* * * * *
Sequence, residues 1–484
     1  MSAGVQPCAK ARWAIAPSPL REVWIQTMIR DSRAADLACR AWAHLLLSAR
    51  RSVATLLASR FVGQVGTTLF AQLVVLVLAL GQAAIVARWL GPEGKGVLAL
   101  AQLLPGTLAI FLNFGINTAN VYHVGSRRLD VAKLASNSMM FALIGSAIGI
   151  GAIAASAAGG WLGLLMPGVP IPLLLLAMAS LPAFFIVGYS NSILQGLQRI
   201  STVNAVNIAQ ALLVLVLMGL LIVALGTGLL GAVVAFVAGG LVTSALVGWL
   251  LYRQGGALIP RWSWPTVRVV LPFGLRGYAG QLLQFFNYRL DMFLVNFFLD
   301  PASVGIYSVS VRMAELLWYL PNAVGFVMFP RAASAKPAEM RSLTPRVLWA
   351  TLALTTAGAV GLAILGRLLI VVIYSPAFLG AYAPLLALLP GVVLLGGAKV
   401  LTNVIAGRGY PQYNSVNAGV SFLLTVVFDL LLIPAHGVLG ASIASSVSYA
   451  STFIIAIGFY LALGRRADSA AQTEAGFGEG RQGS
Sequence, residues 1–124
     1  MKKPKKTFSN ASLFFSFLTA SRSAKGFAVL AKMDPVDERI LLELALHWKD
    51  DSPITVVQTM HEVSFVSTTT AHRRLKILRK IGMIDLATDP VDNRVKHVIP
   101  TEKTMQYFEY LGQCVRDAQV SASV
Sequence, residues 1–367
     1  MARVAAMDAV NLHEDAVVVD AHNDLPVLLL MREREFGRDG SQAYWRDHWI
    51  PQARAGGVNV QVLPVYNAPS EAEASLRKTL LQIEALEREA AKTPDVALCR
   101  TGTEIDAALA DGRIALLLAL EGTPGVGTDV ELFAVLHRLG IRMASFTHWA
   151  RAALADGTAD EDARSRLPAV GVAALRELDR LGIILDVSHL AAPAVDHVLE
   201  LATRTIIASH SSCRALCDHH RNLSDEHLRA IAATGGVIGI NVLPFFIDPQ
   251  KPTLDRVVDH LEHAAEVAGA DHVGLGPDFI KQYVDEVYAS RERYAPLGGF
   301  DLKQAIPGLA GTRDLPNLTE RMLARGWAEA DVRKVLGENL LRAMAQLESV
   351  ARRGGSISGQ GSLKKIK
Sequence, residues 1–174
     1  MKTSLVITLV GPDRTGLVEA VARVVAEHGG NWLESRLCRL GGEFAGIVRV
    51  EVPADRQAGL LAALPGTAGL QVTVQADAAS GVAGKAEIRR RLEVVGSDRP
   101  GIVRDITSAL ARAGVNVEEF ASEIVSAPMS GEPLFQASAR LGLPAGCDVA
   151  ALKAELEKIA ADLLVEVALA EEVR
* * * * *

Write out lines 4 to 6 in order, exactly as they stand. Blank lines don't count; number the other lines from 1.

   101  AQLLPGTLAI FLNFGINTAN VYHVGSRRLD VAKLASNSMM FALIGSAIGI
   151  GAIAASAAGG WLGLLMPGVP IPLLLLAMAS LPAFFIVGYS NSILQGLQRI
   201  STVNAVNIAQ ALLVLVLMGL LIVALGTGLL GAVVAFVAGG LVTSALVGWL